links: nursing twins, Harry Potter, Advent and more!

Shannon Hale wins at the internet. This may be the best blog post I've ever read.
Next, is having their biannual sale, and all of their books on mp3 are $7.50. Our family got a bunch of great mp3s the last time they did this, including this awesome recording of The Count of Monte Cristo (47 hours for less than 8 bucks! that's a lot of dish-washing time well spent!) and this of Perelandra by C. S. Lewis, both produced by Blackstone (Blackstone's work is consistently excellent). They also have Peter Dennis' recording of Winnie-the-Pooh, and I can't tell you how many times over my kids have listed to that. (Be sure to check out his readings of the Milne's poetry too, which my husband and I both love.)
Okay. I don't usually link to sales, but my family has benefited so much from their last audiobook sale that I just had to pass it on. Now, to other things!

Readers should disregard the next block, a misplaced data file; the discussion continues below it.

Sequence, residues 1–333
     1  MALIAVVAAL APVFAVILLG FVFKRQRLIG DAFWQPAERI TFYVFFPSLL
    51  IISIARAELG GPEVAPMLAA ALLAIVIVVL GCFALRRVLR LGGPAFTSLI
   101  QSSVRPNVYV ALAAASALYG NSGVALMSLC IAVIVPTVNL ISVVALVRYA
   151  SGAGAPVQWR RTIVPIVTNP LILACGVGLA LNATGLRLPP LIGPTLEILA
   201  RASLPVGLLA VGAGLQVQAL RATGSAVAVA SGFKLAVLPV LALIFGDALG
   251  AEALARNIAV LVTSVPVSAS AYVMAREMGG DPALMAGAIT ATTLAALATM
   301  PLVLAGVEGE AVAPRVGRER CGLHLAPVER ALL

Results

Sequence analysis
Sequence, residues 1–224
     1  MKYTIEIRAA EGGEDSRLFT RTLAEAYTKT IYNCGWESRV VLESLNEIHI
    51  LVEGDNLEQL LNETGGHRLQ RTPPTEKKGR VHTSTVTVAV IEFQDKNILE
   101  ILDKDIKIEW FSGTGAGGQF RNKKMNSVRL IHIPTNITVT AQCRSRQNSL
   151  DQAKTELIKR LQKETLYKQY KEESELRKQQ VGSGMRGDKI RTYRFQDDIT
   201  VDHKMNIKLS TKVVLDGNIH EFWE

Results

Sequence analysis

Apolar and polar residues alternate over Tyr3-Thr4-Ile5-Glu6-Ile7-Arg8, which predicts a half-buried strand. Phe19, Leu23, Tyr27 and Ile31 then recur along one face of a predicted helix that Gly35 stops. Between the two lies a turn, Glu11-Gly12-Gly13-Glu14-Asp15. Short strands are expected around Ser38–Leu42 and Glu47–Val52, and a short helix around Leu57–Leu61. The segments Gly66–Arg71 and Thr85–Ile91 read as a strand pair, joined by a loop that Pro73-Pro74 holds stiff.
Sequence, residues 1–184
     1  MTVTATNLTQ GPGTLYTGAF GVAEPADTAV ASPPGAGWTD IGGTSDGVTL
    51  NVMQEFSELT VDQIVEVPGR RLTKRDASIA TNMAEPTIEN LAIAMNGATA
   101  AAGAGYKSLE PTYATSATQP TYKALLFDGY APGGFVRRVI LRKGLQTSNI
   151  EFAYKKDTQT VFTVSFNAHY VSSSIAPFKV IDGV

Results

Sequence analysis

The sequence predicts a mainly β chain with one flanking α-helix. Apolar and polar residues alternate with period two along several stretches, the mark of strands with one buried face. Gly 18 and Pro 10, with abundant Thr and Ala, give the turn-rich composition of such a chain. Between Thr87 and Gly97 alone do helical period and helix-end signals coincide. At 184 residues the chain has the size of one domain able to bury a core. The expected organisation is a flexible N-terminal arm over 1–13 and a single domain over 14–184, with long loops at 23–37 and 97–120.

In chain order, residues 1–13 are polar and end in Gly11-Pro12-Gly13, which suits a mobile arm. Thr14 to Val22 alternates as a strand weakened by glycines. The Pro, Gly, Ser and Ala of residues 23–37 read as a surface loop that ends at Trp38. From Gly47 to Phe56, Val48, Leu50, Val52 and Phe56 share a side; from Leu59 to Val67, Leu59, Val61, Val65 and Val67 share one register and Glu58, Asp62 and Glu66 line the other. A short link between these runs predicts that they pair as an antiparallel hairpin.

Starting with the terrifying and infuriating: Courts Helping Banks Screw Over Homeowners.  This is one amazing piece of journalism. Not just a copy of something from the AP wire (not to diss the AP), but some real anecdotal-yes-yet-compelling journalism. Pretty amazing stuff, and not in a good way. Also, a very lucid explanation of the foreclosure mess.
Even though it looks like (looks like!) Advent's going to be celebrated more faithfully in our house this year than it's been the last couple of years, I still was really encouraged by And Sometimes Tea's post "Confessions of a Domestic Church Slacker".